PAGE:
UDOT: Communication Is Key To Keeping Workers Safe During Heat Wave
SALT LAKE CITY — Road building can be a hot and sweaty job any day of the year. When the temperature climbs like it did Monday, that work can be dangerous, so Utah Department of Transportation workers said they were keeping an eye on each other.
“We make sure that people know that we’re looking out for one another,” said Mackenzie Smith, UDOT resident engineer.
UDOT crews are working on Bangerter Highway this summer, turning three intersections into freeway-style interchanges. Smith said more than 250 people are on the job just about every day.
When the heat soars, the resident engineer said communication with the workers and among the workers is critical.
“Our main message is to keep an eye out on one another,” she said. “We want to make sure that everyone goes home the way that they came into work.”
It starts in their team safety meeting at the beginning of the day, making sure everyone understands they need to take extra breaks, drink more water and know how to recognize when somebody may be experiencing heat exhaustion.
Supervisors also watch them closely.
“They keep an eye on the guys and make sure they’re not getting mopey or starting to lose their energy,” said Carter Heath, structure manager.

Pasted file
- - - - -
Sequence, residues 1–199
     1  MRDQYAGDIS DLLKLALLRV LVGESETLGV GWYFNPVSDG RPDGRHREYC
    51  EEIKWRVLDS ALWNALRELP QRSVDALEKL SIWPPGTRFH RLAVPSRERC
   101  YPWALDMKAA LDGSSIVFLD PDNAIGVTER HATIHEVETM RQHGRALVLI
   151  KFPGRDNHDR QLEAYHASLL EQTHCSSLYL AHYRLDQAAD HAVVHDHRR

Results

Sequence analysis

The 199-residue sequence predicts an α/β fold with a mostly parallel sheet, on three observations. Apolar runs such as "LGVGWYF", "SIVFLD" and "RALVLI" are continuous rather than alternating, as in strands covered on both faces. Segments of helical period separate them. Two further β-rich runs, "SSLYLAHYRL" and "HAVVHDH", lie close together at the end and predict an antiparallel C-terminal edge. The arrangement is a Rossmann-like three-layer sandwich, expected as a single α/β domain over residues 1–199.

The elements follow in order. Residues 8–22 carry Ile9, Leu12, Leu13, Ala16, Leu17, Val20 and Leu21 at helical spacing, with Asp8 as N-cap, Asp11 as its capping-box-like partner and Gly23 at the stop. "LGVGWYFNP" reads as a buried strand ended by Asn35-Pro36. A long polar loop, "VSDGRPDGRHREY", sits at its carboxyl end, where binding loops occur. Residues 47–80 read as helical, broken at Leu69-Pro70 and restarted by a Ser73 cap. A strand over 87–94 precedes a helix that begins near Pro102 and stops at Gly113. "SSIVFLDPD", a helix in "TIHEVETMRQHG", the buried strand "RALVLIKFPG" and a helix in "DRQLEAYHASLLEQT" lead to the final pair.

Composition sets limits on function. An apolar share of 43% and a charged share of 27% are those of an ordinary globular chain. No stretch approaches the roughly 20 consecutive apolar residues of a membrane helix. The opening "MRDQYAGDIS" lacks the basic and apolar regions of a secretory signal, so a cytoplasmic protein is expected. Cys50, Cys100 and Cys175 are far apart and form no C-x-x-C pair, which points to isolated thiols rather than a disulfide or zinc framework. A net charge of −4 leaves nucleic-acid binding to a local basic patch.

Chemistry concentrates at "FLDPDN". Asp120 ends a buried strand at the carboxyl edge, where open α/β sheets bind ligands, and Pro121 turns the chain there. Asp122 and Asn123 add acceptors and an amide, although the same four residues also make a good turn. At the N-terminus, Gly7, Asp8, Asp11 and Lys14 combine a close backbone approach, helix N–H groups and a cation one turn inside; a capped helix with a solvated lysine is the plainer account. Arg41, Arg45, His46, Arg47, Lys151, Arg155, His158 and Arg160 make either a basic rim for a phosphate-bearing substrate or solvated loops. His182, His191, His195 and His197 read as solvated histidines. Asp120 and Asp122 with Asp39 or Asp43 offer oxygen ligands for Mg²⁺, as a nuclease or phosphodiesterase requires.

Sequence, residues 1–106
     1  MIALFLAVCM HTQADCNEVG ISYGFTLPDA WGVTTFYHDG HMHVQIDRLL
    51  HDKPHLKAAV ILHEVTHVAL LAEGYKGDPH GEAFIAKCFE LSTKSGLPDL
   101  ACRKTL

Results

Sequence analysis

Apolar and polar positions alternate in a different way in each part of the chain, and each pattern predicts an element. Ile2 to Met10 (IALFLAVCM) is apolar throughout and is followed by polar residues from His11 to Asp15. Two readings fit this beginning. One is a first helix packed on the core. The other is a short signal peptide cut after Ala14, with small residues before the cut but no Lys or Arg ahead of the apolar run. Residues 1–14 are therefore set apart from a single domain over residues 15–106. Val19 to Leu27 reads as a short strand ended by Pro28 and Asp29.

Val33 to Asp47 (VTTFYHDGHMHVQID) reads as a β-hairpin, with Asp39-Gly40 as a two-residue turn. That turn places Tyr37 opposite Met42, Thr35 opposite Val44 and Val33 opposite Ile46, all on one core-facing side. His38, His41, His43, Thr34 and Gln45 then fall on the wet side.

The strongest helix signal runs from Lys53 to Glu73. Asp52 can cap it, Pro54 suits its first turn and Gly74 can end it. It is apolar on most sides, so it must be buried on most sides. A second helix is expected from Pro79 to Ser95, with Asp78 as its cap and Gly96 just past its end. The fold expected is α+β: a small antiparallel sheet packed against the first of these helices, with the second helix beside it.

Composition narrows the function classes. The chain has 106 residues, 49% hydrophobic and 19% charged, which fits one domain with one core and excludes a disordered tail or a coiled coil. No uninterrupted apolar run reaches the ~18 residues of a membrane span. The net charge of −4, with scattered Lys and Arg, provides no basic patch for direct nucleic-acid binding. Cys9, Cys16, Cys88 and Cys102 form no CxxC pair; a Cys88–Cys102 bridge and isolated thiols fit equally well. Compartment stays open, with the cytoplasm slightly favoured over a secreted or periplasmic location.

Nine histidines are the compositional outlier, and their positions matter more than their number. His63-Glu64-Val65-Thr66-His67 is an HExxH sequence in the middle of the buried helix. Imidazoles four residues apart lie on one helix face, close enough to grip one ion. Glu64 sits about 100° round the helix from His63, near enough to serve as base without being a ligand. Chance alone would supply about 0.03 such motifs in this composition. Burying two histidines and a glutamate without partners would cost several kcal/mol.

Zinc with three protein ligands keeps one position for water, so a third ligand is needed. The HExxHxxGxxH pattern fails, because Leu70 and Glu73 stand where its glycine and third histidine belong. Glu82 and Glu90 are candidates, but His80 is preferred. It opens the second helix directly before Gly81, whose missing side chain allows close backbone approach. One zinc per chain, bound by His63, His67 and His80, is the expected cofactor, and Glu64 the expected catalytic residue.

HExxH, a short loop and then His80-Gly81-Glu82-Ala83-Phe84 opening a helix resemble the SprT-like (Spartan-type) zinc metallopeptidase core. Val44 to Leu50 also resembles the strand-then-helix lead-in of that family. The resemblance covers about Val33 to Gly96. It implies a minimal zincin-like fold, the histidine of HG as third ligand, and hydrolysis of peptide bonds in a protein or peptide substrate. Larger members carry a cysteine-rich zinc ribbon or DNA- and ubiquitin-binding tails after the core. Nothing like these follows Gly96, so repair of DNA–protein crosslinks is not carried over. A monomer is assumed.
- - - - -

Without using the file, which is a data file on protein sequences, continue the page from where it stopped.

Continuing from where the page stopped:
“Communication is key,” said UDOT spokesman John Gleason. “We want to make sure that our workers are communicating with each other, with their supervisors — just letting them know if they are experiencing signs of heat exhaustion or dehydration. We want to know that so we can address it right away.”
It’s a tough job for tough workers, but safety comes before egos.
“We want to let them know that there isn’t any shame in letting their coworkers or supervisors know that if they’re experiencing these symptoms,” said Gleason.
At 11 a.m. Monday, the temperature was already close to 90 degrees.
“It’s definitely hotter this week. You can feel it,” said Heather. “Working on this asphalt, the black asphalt, really brings out the heat and everything.”
When the workers pour hot asphalt, they said it feels even hotter.
“That material is coming out here at almost 300-degrees Fahrenheit, so we have to make sure that we’re taking those precautions because not only do you have sun, but you’re also working with materials that are very hot,” said Smith.
Supervisors also stagger shifts when they can, so the workers will start around four or five in the morning — that way they’re not working in the worst heat of the afternoon.
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